for (let current = initial; current - initial < 12; current += gaps[random++ % 7] + gaps[random++ % 7]) {

      // write note data as binary
      wav.writeNote({note: WAV.note(semitone + current), time: .5, amplitude: .25}, [], 1, current - initial < 9);

  // return blob of wav binary data
  return wav.toBlob();

This is a completely valid answer to the challenge, but is unfortunately non-competing because it relies on a utility which I have yet to officially publish. An older version is publicly available here but it does not have the really nice static functions WAV.semitone() and WAV.note() that my answer relies on.

For those of you who might ask "Why isn't new Audio(URL.createObjectURL(...)) part of your byte-count?", according to MDN:

A Blob object represents a file-like object of immutable, raw data. Blobs represent data that isn't necessarily in a JavaScript-native format. The File interface is based on Blob, inheriting blob functionality and expanding it to support files on the user's system.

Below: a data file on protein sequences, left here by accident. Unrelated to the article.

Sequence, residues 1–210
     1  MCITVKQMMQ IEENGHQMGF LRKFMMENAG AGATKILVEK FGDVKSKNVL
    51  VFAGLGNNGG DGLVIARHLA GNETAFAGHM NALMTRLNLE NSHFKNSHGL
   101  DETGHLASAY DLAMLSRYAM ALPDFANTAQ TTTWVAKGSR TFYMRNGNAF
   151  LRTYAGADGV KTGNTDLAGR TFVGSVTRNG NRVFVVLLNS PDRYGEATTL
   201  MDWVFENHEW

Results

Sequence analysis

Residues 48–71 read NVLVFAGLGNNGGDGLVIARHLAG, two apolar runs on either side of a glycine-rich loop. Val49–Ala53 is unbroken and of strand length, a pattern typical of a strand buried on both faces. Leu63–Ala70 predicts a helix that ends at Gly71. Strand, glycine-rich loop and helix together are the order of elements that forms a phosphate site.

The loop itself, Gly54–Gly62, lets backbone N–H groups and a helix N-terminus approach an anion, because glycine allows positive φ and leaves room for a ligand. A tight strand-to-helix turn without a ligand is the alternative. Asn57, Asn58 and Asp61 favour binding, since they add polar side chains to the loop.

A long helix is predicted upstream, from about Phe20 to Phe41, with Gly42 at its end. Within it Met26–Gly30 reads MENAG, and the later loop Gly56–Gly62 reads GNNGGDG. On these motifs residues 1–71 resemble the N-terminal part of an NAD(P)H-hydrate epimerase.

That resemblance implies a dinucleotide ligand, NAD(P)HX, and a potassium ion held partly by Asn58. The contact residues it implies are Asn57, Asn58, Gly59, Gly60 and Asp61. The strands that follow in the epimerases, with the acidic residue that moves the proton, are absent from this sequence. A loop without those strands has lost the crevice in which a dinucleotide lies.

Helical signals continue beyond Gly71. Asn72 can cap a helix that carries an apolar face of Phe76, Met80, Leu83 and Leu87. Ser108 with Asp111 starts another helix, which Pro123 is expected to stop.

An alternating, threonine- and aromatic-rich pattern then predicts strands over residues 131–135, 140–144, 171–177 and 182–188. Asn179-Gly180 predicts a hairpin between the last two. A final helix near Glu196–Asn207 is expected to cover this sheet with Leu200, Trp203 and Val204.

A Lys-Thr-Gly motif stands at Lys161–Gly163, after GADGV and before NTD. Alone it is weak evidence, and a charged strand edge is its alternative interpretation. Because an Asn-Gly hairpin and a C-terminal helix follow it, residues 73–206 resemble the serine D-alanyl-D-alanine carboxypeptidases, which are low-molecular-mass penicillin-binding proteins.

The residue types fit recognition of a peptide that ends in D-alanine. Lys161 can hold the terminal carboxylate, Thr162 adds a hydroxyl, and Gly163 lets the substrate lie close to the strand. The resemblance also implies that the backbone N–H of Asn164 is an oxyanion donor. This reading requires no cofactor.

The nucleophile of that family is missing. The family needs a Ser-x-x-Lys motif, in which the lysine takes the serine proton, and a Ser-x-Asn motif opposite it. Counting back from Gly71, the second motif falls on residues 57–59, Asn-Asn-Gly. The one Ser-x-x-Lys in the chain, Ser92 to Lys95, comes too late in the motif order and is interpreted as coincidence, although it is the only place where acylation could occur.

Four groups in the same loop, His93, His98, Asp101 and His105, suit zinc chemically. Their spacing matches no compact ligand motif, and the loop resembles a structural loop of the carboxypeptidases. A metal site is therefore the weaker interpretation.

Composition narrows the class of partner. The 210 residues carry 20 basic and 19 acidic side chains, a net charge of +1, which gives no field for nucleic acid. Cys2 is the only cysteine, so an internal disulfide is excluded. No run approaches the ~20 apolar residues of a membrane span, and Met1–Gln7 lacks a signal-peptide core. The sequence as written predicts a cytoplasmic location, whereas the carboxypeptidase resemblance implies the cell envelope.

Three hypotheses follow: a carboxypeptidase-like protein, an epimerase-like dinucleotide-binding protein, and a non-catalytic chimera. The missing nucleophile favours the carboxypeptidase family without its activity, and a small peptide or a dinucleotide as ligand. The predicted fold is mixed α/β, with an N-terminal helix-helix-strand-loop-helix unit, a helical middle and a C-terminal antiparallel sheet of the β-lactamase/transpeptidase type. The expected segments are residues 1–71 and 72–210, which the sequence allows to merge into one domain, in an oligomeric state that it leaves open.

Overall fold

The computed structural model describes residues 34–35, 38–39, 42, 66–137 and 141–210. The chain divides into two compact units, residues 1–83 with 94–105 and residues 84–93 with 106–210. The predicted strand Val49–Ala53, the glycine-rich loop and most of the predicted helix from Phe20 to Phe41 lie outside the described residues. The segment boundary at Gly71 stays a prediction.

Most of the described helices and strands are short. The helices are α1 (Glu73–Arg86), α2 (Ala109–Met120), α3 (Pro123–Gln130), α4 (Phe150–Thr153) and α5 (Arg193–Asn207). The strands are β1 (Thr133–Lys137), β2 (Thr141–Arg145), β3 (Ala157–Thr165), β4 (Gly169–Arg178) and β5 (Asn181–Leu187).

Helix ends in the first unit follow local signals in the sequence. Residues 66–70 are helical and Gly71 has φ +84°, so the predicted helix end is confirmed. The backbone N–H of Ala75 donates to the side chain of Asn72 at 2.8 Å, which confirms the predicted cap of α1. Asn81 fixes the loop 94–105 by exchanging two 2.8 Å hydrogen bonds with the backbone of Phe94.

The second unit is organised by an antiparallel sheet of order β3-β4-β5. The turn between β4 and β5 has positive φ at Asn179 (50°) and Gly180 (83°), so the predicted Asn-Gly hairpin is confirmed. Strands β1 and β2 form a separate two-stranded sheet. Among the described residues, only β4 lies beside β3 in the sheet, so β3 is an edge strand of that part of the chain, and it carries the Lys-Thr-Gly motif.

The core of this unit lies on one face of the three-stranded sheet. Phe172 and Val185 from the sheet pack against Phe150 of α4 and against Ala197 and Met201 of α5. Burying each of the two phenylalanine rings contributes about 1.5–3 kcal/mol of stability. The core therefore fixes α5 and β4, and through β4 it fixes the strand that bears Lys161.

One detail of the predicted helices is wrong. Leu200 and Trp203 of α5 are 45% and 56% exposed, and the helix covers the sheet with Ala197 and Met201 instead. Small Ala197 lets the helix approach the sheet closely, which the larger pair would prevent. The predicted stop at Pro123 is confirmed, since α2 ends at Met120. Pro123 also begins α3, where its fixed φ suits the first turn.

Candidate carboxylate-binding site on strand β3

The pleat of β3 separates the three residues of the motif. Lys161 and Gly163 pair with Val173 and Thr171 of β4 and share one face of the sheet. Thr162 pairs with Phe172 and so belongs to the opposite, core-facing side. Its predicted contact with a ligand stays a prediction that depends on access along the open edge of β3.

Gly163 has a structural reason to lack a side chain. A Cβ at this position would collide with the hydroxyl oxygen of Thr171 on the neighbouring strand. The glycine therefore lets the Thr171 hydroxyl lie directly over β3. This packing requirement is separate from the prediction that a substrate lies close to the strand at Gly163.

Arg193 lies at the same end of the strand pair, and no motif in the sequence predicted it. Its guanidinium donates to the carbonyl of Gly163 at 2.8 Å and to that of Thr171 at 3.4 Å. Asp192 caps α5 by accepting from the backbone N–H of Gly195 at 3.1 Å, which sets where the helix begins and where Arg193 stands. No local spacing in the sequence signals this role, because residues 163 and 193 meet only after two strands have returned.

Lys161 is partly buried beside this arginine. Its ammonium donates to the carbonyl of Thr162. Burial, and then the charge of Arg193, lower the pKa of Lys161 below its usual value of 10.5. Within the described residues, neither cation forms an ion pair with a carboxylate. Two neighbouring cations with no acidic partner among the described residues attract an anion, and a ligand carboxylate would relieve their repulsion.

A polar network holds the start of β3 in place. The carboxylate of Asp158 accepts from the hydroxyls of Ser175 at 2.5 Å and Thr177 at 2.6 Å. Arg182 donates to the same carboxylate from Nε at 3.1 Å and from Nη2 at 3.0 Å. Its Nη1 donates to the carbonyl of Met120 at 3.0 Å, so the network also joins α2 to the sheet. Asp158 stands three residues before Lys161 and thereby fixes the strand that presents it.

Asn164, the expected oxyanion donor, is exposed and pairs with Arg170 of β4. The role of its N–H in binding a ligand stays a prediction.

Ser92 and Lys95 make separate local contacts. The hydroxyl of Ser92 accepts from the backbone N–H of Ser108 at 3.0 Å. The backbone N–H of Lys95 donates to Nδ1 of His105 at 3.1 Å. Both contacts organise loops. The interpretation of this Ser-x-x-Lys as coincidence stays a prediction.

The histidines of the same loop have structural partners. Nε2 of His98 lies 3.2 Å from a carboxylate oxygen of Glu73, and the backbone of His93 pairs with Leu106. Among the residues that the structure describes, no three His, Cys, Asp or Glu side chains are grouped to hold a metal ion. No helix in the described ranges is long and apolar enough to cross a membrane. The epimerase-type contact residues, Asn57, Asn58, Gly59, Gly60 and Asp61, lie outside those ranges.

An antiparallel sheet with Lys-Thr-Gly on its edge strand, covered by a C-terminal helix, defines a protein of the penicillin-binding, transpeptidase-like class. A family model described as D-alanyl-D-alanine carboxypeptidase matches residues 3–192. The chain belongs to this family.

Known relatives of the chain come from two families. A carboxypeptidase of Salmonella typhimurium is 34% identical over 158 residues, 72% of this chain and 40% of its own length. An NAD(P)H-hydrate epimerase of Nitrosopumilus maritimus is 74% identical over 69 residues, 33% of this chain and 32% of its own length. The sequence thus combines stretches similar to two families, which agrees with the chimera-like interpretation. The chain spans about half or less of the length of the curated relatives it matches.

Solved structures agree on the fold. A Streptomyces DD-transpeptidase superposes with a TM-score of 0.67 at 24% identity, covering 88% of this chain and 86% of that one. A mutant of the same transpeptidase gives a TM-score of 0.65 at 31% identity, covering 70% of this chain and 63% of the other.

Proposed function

Since this function returns a Blob with MIME-type audio/wav, it qualifies as a "playable audio file" as requested in the specification for the challenge.


k=>l=>eval("for(m=/(.)(#?)(m?)/.exec(k),w=new WAV,g=m[3]?[2,1,2,2,1,3,1]:[2,2,1,2,2,2,1],s=WAV.semitone(m[1]+4+m[2]),n=0;n<l*2;n++)for(r=Math.random()*7|0,c=i=g.reduce((u,h,j)=>u+(j<r)*h,0);c-i<12;c+=g[r++%7]+g[r++%7])w.writeNote({note:WAV.note(s+c),time:.5,amplitude:.25},[],1,c-i<9);w.toBlob()")

()=>new Audio(URL.createObjectURL(f(k.value)(l.value))).play()
<script src=//puu.sh/tbPuk/7f8ab9a987.js></script>
<input id=k value=B>
<input id=l value=1>
<button type=button onclick=h()>Play</button>

If you want to verify that all chords which can be randomly chosen are correct, here is a table of all possible chords below, given valid input:

function markup(key) {
  let match = /(.)(#?)(m?)/.exec(key),
      numerals = ['I', 'II', 'III', 'IV', 'V', 'VI', 'VII'],